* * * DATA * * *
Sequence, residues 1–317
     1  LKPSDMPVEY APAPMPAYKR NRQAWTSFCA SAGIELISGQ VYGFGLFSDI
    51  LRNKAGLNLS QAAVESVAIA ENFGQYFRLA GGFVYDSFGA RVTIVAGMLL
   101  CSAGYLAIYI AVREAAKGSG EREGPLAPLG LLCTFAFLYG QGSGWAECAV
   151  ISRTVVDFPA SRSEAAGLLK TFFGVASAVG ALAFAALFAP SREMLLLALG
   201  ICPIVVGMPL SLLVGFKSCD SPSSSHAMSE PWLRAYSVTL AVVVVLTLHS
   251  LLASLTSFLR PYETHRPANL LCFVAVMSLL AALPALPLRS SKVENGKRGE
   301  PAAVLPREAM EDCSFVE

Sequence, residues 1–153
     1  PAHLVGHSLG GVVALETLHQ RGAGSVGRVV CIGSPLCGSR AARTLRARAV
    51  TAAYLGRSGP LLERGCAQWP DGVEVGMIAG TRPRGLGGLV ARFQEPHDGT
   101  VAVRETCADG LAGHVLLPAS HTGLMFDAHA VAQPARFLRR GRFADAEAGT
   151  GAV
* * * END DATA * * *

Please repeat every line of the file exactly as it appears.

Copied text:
Sequence, residues 1–317
     1  LKPSDMPVEY APAPMPAYKR NRQAWTSFCA SAGIELISGQ VYGFGLFSDI
    51  LRNKAGLNLS QAAVESVAIA ENFGQYFRLA GGFVYDSFGA RVTIVAGMLL
   101  CSAGYLAIYI AVREAAKGSG EREGPLAPLG LLCTFAFLYG QGSGWAECAV
   151  ISRTVVDFPA SRSEAAGLLK TFFGVASAVG ALAFAALFAP SREMLLLALG
   201  ICPIVVGMPL SLLVGFKSCD SPSSSHAMSE PWLRAYSVTL AVVVVLTLHS
   251  LLASLTSFLR PYETHRPANL LCFVAVMSLL AALPALPLRS SKVENGKRGE
   301  PAAVLPREAM EDCSFVE

Sequence, residues 1–153
     1  PAHLVGHSLG GVVALETLHQ RGAGSVGRVV CIGSPLCGSR AARTLRARAV
    51  TAAYLGRSGP LLERGCAQWP DGVEVGMIAG TRPRGLGGLV ARFQEPHDGT
   101  VAVRETCADG LAGHVLLPAS HTGLMFDAHA VAQPARFLRR GRFADAEAGT
   151  GAV